Jimmy Savile Did Not “Groom the Nation”

I thought this was obvious. I didn’t think it was something that feminists would have to start shouting from the rooftops:

Met Commander Peter Spindler was correct when he called Savile a “predatory, serial sex offender”.


Spindler was wrong about Savile ‘grooming the nation”.

Jimmy Savile did NOT groom the nation.

Millions of people had no idea he was predatory, serial sex offender.

But, people did know.

We know they knew because Savile was not allowed to be involved in Children in Need.

We know people knew because they have been telling us they knew.


We know the police and CPS were aware because people told them.

Jimmy Savile did not groom the nation. He was allowed to continue abusing because he was a ‘celebrity’. Pretending that he “groomed the nation” allows those who knew to minimise and obfuscate their guilt. Those who knew and did nothing are guilty of helping Savile in sexually assaulting hundreds of children and adults. I say hundreds but we will never know how many.


The term “grooming the nation” only serves to silence victims. It serves those predatory, serial sex offenders who are still harming people. It makes Jimmy Savile a one-off case that will never be repeated. 

But, Jimmy Savile isn’t the only one. He will never be the only one. 

“Grooming the Nation” is about making bystanders feel better about having done absolutely nothing to protect vulnerable children and adults from a serial sex offender.

It not only absolved bystanders of responsibility; it gives them a space to be feted and petted in the press by journalists unwilling to look too closely at their own responsibility for reinforcing rape culture.

Jimmy Savile was a predatory, serial sex offender because people stood by and did nothing to stop him

How many other men are there today harming children and other adults safe in the knowledge that those around know and will do nothing to stop them?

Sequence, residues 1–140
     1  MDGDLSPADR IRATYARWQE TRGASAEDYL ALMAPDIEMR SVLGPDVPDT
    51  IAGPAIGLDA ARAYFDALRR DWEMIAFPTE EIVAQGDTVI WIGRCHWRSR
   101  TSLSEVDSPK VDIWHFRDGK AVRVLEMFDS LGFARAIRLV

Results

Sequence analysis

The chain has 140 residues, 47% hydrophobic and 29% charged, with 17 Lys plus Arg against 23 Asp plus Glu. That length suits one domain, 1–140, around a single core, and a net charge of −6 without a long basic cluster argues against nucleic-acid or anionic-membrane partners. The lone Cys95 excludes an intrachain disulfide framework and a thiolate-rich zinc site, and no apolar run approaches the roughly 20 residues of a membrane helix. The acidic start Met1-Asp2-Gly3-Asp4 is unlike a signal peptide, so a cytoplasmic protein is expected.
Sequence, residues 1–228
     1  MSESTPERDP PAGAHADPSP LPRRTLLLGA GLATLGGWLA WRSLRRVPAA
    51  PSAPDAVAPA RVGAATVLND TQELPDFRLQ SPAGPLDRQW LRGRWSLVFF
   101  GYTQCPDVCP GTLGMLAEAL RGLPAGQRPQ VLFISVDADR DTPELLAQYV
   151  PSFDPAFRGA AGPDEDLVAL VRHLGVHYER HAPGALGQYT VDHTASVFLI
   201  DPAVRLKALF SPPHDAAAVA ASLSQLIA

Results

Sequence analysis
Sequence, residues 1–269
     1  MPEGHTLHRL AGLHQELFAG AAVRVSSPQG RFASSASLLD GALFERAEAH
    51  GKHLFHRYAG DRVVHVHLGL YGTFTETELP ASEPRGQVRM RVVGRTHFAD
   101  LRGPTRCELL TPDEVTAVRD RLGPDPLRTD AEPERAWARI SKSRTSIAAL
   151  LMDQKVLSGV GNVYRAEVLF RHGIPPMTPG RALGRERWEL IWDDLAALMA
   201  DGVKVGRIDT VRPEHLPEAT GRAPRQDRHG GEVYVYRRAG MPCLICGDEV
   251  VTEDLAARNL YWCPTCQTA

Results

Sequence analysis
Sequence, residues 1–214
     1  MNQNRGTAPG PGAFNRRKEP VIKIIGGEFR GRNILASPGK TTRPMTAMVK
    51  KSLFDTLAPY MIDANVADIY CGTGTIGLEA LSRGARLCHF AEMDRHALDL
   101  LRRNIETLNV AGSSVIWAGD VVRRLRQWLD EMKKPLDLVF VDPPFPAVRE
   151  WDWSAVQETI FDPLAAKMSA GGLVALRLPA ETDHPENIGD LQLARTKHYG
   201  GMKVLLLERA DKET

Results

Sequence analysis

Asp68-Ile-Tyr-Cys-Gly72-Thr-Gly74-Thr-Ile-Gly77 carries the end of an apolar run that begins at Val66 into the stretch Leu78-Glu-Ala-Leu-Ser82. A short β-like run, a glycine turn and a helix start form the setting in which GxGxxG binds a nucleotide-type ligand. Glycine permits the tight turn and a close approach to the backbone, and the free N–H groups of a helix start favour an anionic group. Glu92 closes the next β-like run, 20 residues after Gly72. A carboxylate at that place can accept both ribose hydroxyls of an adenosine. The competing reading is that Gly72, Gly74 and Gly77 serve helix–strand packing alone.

(A longer version of this piece has been published by the Huffington Post)

10 thoughts on “Jimmy Savile Did Not “Groom the Nation””

  1. I was just as shocked to hear that statement. It felt like excuse-making, certainly, but I also felt incredibly patronised by it. I couldn’t put my finger on it, and still can’t, but I felt that Spindler was saying that we (the plebs) couldn’t possibly understand the complexity of such a case and how Savile operated so he was just going to put it in these simple, hyperbolic terms for us. We don’t need to have it broken down – we need to know there’ll be justice. I’m so upset the fvcker’s dead.

    1. I did as well. This idea that somehow is poor little citizens can’t possibly understand our rape culture despite living in it and experiencing the consequences in our own bodies is the height of patriarchal misdirection. We don’t just need justice for Savile’s victims. We need to know that it won’t happen again; that we aren’t going to be having this exact same discussion in 5 years.

      Have you seen the case of the boys school in New York? Soraya Chemaly tweeted an article earlier. Same heartbreaking story.

  2. Exactly, exactly, exactly (that it won’t happen again). The thought of that actually makes me feel faint and ill. I can scarcely believe (though, of course, I can) how far this case goes.

    I didn’t hear about that case, no. I will look it up. Thanks for the HT.

    (Hope you had a nice weekend, Savile, Moore/ Burchill, etc. etc. aside.)

  3. Ooops; I meant to reply to your comment but that didn’t work out. Sorry. (I know I like things neatly threaded.) Clearly this second cup of very strong coffee is not having the awakening effect that I desired.

  4. I think the term “groom the nation” has another side to it. I think it captures, for those not non-violently sexually abused as children, the insidious process by which emotional ties are made by the perpetrator to the victim.

    Many adults remember writing in to “Jim’ll-fix-it” as children and I hope that they make the connection between wanting desperately to be on the show – and the potential cost of that childhood desire. I hope this will be a strong motivator to understand the mechanics of abuse and affect change.

    http://rebeccakeiko.blogspot.co.uk/2013/01/forgiveness.html

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